On a recent Monday, Jenn Wilson’s students arrived at Rosary High School and, at Wilson’s behest, spent the next several hours listening to not a single word their teachers or anyone else had to say.
Not that they weren’t concentrating. In fact, they may have been more tuned in to the sights and other non-aural stimuli around them than they ever had been before. Because they were, effectively, deaf.
Spending an entire school day wearing, at the same time, ear plugs and noise-cancelling headphones, the students in Rosary’s American Sign Language classes were participating in Wilson’s “Deaf for a Day” exercise.
“It’s my second year doing it,” says Wilson, Rosary’s American Sign Language teacher. “My girls come in before school starts, pick up some ear plugs and the sound elimination headphones and they wear them all day from 8 to 3.” The teachers, she says, are alerted ahead of time and some provide advance notes for the sign language students, although many girls arrange to share their friends’ class notes. Also, each student is issued a small white board on which to write when they want to ask or answer a question in class.
Apart from that, however, the students communicate with sign language.
“They really had a meaningful experience because we had Mass for All Saints Day,” says Wilson. “I and one of my level three students helped interpret Mass so they really do got a powerful experience. I want my girls to experience what it’s like to be deaf in a school setting, where it’s so easy for hearing people to take our hearing for granted. We don’t realize how much the world is made for hearing people. They come out of it learning a lot. It’s such an eye-opener for them.”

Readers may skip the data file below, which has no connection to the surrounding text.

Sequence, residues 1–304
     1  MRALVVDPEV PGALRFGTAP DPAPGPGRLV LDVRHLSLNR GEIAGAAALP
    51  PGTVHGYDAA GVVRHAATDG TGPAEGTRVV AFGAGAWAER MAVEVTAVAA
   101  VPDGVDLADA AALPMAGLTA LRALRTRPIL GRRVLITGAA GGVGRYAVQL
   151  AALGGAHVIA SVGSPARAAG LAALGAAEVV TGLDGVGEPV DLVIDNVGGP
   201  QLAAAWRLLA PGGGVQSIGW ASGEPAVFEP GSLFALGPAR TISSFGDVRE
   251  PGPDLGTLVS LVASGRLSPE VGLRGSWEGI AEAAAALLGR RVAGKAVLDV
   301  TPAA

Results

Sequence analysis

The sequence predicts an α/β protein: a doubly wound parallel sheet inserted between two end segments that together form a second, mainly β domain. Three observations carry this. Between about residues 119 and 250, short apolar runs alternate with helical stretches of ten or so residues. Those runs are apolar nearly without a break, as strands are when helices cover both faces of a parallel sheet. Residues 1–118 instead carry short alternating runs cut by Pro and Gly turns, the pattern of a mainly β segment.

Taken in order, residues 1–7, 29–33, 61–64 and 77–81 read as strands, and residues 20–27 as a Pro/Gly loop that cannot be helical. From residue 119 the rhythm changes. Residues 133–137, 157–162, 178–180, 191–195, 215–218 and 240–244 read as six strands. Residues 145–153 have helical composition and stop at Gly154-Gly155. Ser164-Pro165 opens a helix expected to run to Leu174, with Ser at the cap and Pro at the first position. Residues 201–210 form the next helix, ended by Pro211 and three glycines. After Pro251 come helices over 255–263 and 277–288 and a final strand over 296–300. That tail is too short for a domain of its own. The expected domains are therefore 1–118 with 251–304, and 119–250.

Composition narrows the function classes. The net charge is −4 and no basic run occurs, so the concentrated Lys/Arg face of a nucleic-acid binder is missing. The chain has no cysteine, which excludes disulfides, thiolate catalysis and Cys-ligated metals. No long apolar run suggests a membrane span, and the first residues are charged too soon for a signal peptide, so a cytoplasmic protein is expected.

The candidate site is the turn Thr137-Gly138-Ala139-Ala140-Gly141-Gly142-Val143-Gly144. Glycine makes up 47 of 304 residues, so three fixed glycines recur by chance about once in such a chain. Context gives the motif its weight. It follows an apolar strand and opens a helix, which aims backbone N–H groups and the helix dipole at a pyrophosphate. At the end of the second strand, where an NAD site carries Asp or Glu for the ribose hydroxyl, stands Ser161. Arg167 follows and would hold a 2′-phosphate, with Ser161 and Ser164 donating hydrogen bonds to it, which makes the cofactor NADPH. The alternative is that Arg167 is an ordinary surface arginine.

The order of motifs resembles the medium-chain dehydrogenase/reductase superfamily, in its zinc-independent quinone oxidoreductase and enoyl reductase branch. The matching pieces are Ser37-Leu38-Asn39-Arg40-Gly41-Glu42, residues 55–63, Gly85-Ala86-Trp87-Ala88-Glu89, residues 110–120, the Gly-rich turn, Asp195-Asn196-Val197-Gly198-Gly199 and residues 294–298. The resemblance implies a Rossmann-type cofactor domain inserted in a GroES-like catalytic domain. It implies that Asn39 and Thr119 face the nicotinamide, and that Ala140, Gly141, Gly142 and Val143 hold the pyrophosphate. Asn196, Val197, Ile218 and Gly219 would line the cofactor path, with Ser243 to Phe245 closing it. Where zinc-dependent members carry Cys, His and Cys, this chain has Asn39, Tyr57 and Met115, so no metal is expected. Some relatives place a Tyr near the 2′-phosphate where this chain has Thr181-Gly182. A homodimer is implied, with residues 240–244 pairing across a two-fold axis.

Wilson began the American Sign Language program at Rosary in 2010 with 42 students. Today she teaches about 75 students in four levels. She inaugurated the “Deaf for a Day” program last year when the school received a grant from the American Sign Language Teachers Association to pay for the sound eliminating headphones.
Why do her students take the class? “I’ve gotten so many reasons over the past five years,” says Wilson. “A couple of students want to make a career out of it. One of my seniors wants to be a courtroom interpreter. Some of them have family members who are deaf and they want to be able to make that connection. Some see their friends taking the class and see how much they’re enjoying it and having fun with it and they want to join them.”
Also, says Wilson, the learning style of many of her students is an excellent match for the subject matter.
“They quickly realize they are learning a different language and it’s going to be just as challenging as Spanish or French, but in a different way,” says Wilson. “It takes a while for them to realize they have to be looking at me the entire time. I’m finding, though, that a lot of students nowadays are visual learners and they’re kinesthetic learners—they have to be doing something to learn it—so they seem to be picking it up more quickly.”